A Smarter Network Starts With Smarter Data
Businesses need the right tools to make sense of all of the data that crosses today’s complex and dispersed networks.
Driven by imperatives around digital transformation, the typical enterprise’s network isn’t growing simply in terms of the volume of data it processes—IDC estimates the size of the global datasphere will experience a compound annual growth rate of 23% through 2025—but in complexity, as well. According to a 2020 survey of cybersecurity professionals from the SANS Institute, 93% indicated their organization was managing more than 1,000 endpoints. Nearly 90% said they were managing between hundreds and thousands of servers, and 51% used tools from more than 10 vendors to derive insight into operations.
That growth, driven by multiplying software-as-a-service (SaaS) applications, the rise of remote work, cloud adoption and more, isn’t simply about scale. “Not only are the networks much bigger and more complex, but they’re also changing all the time,” says Paul Barrett, chief technology officer, enterprise at NETSCOUT. “They’re in a state of constant flux. So, that really is one of the biggest challenges we have in monitoring: these very large, very dynamic networks.”
Whether to maximize the efficiency of network operations or protect against cyber attacks—objectives that are inexorably linked—the ability to see and understand what’s happening on the network is critical. For data to be valuable it must also be visible, providing actionable information allowing companies to target fixes appropriately. Yet while the SANS survey indicates 59% of respondents believe a lack of network visibility poses high or very high risk to operations, companies still don’t see what they should. Fifty-two percent indicated a high degree of north-south visibility (understanding data flowing into and out of the network), and only 17% reported a high visibility into east-west traffic (data flowing within their own networks). A full 46% said they have low, or even no, visibility.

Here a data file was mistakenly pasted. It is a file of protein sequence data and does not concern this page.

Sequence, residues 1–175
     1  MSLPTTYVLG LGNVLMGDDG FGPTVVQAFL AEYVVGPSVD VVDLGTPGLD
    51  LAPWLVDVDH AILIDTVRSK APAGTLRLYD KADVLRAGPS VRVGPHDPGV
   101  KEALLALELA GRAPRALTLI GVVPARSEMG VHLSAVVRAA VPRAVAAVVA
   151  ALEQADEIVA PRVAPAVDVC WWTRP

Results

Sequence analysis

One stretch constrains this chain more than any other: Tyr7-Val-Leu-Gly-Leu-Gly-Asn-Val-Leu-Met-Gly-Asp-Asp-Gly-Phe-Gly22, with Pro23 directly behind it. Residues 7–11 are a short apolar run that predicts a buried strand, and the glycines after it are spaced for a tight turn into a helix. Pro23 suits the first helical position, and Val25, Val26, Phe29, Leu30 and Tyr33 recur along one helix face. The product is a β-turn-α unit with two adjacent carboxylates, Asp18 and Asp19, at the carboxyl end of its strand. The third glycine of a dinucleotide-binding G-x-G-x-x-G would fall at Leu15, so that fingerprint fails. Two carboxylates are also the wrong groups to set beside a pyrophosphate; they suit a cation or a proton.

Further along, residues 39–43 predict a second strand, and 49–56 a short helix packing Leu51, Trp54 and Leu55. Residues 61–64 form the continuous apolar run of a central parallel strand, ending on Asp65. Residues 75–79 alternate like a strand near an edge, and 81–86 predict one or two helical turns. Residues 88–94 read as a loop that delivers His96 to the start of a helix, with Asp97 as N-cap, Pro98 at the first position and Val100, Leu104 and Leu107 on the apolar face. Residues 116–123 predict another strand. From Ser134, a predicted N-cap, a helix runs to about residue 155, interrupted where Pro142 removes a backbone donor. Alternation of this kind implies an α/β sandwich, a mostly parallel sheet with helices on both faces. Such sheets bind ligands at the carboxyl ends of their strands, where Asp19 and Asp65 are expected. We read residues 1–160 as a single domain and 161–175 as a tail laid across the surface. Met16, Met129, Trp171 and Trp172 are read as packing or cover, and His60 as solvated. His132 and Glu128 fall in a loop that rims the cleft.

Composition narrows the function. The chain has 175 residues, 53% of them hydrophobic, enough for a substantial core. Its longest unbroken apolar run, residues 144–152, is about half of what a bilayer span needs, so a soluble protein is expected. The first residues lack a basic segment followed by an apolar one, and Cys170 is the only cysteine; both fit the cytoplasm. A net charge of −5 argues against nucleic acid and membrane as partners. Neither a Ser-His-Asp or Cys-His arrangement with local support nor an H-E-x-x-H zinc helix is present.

For those companies especially, that visibility gap must be bridged. “There’s no other option; otherwise you’re not able to manage your network,” says Goutham Belliappa, vice president of cognitive, AI and big data practice at Capgemini. “You have to ask questions, as well. How comprehensive is that visibility? How integrated is it into automated operations? Into automated anomaly detection?”
Not Just Data, But the Right Data
Effective monitoring, Barrett says, requires robust analytics capable of detecting anomalous activity among more typical patterns. NETSCOUT has decades of experience managing the vast quantities of data created by modern networks. Its Smart Data technology, Barrett says, is able to separate signal from noise in anomaly detection by generating usable metadata—essentially, data providing information about other data—from every packet of data that crosses the network. “Our metadata is much more compact and has natural indexing built into it,” Barrett says. “It provides data in much smaller quantities that enterprises can actually handle, allowing it to be analyzed, organized and visualized.”
We have to adopt a ‘shift left’ mentality associated with operations, looking at things through a security lens to see if it’s a security problem first, because if it is we want to stop that as quickly as possible.Paul Barrett, Chief Technology Officer, Enterprise, NETSCOUT
Moreover, in modern networks, different endpoints and systems can generate data with distinct characteristics. Sorting through those differences is critical, so that network operations teams “achieve homogeneous visibility, where the data in all of these locations can be brought together and seen through a single pane of glass,” Barrett says. “You don’t want different types of data from different locations.” Smart Data provides an integrated view of information, no matter where on the network it originates, making the aggregation of data across the organization much simpler.